and other ramblings of a small business owner
I am delighted that I can, after all, read a book by a man without turning into a fiery ball of feminist rage. That’s a relief, I thought I was broken after my last review.
The Checklist Manifesto by Atul Gawande is a remarkable book. I’ve been aware of it for a while, having been drawn to it on the shelves in bookshops – the big “Checklist” on the spine always gets my attention. And a number of times I’ve picked it up and gone “oh, it’s about medical stuff” and put it back. However, I was doing a productivity course by Carl Pullein a couple of weeks ago (great course by the way) and he said something along the lines of “you MUST read this book”. So, I thought okay Carl I will give it a go.
And I’m so pleased I did.
Yes, on the face of it it’s not a book about how to improve your small business systems. The scenarios used in the book are surgery, flying planes, building, and a bit of investment. But, it is absolutely fascinating. It’s a very well written and enjoyable demonstration of the difference a checklist can make.
I’m already a big fan of checklists. I have a series of checklists I use in my business for jobs that I repeat regularly and they make a massive difference to me – it means I can can work through the tasks one by one without having to make sure I remember all the steps, the checklist does that for me. OK, in web design it’s not exactly a life or death situation, but it does take a lot of stress out of the job and saves a “oops, I forgot that” panic.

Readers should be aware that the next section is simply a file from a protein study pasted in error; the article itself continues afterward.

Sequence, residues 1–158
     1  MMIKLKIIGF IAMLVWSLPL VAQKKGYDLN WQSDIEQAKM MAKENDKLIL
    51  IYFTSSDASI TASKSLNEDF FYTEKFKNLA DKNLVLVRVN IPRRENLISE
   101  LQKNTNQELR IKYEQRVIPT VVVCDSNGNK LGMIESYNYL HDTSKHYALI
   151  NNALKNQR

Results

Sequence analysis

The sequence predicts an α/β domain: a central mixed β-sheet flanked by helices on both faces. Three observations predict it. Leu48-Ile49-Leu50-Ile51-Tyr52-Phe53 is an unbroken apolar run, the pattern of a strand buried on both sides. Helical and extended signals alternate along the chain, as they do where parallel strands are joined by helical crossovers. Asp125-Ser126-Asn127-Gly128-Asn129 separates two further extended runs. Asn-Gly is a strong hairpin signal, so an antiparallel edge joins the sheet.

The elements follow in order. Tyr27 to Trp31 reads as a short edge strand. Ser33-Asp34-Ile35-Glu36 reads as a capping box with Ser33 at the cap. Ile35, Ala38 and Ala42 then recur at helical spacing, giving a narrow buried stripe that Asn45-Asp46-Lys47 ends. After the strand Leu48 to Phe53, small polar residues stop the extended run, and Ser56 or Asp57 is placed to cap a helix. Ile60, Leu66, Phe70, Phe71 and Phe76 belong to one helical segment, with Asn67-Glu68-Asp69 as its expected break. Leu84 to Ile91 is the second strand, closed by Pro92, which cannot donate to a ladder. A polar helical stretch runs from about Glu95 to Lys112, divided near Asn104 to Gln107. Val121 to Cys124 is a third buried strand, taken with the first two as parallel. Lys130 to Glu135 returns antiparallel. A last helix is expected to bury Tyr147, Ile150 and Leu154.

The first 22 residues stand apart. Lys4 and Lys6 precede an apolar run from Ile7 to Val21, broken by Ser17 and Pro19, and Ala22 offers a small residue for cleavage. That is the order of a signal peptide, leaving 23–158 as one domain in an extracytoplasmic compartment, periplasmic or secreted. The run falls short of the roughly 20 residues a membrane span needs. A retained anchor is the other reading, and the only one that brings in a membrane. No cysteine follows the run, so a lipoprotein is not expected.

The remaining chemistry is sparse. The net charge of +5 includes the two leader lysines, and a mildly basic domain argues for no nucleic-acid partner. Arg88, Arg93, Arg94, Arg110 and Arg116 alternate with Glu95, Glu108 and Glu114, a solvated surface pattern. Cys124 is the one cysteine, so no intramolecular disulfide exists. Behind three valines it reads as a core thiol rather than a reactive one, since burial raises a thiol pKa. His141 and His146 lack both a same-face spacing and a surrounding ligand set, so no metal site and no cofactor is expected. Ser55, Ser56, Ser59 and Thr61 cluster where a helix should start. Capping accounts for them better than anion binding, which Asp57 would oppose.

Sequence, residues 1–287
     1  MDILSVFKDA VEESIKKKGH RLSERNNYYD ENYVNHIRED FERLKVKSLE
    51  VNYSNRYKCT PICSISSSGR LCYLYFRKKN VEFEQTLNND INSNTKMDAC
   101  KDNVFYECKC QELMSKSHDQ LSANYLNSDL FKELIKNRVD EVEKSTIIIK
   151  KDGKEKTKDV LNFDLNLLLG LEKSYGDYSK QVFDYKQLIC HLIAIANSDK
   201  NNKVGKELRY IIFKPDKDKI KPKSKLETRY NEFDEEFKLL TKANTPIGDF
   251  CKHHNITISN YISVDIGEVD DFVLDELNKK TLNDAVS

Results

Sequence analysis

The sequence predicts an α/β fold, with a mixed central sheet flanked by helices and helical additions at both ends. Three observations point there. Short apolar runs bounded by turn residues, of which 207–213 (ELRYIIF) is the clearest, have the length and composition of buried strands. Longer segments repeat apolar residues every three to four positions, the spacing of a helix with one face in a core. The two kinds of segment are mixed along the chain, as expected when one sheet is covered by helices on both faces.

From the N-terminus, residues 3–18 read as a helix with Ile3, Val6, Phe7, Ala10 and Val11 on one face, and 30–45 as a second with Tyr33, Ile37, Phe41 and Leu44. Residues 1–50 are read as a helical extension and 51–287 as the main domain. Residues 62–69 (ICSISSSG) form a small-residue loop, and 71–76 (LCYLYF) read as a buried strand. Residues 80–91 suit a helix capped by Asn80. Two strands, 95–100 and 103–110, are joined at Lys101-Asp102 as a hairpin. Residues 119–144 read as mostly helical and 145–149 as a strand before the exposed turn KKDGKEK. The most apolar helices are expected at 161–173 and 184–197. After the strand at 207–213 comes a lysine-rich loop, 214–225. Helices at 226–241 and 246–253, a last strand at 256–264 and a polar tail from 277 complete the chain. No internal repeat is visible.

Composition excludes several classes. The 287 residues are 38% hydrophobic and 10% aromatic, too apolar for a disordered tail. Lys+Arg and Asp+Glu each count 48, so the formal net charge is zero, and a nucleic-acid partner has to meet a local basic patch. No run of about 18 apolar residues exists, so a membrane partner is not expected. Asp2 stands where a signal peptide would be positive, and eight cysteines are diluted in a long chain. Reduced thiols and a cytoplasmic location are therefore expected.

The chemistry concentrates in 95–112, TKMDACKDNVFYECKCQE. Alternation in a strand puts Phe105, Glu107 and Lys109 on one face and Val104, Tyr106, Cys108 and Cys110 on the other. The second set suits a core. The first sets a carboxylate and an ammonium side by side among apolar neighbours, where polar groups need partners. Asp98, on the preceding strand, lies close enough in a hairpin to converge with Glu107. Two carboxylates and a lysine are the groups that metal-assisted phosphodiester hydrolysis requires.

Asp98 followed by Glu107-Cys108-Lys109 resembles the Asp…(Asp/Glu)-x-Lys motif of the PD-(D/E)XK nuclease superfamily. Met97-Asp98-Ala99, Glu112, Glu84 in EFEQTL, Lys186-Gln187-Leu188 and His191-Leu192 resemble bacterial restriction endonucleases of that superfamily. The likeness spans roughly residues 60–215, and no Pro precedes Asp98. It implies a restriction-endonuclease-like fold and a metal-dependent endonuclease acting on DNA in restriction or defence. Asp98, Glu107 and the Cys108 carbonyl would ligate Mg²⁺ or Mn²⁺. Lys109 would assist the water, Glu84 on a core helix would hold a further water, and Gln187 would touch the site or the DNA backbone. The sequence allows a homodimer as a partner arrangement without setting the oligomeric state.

So, what I’ve taken away from this book is that I need to review and update my checklists and see if there is anything else I can create a checklist procedure for. This is something that any business will benefit from, whether big or small, working on your own or in teams. You might not think you’re a checklist kind of person, but how about if following a list for regularly repeated tasks helps free up your mind to be creative in other areas? Got to be good, right?
I give this book a wholehearted 10/10 and would encourage you to read it, it really is an eye opener and incredibly inspiring as to what you might be able to achieve with something as unassuming as a list.
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